Jobs that require high performance from mind and body require extra effort to achieve individual and team success.
Yet, the NFL has become an enterprise that limits the amount of time a player and thus a team can devout to their craft. Striving for excellence was outlawed in the league’s labor agreement that was signed in 2011.
On Monday, the last batch of NFL teams will begin their nine-week off-season programs. That group includes the Chiefs, who will gather at the team’s facility in the Truman Sports Complex for the first time since the loss in the first round of the playoffs back in early January. Teams with new head coaches got a jump on their start date, opening two weeks ago. All of the clubs are limited in the amount of organized team activities (workouts, meetings and no-pads practices) they can hold.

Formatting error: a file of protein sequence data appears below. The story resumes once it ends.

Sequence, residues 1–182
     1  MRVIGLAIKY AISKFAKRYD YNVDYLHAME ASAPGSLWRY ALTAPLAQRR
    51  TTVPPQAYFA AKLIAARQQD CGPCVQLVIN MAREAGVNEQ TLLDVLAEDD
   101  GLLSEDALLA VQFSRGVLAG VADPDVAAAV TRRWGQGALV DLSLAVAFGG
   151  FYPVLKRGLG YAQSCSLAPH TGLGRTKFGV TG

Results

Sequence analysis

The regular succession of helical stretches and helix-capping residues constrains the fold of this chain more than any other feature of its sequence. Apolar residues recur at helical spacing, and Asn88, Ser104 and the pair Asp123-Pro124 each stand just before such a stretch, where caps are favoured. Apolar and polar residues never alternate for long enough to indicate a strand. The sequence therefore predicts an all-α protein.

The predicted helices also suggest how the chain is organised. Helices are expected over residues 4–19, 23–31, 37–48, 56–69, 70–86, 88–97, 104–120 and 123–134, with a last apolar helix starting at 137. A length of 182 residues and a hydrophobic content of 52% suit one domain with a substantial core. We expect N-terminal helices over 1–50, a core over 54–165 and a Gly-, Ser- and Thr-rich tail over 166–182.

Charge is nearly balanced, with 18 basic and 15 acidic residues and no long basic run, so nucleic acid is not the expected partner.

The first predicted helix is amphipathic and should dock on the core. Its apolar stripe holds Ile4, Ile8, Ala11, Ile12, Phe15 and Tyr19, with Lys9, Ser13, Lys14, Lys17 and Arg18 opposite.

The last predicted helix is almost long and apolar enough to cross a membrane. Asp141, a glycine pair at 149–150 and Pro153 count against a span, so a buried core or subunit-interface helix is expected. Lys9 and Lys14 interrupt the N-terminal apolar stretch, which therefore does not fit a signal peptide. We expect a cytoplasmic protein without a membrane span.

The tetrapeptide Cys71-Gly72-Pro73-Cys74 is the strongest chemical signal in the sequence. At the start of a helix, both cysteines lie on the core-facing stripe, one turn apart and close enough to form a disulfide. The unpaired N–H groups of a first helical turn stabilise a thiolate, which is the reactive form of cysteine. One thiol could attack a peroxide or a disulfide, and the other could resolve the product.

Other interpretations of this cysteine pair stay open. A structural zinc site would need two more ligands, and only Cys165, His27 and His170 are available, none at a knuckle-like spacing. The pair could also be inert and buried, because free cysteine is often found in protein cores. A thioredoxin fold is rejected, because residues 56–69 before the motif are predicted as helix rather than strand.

Other than these nine weeks, players are not allowed to meet with their team’s coaching staff. They are not allowed to go into the team’s facility and run through a physical workout under the direction of team trainers or strength coaches. They can get treatment for injuries and ailments that they carried out of the 2013 season, but that’s the only active involvement allowed under the rules between players and the team.
Think about that for a minute in another context β a bright young cello player works with one of the top orchestras in the country. But his practice time is limited by rules developed by the cello players union. He must go months at a time without playing his cello or listening to recordings of his performances. Does that make better music? Does that make any sense, for the musician or his employer?
Would other professions or business put up with similar rules limiting the search for achievement? …Read More!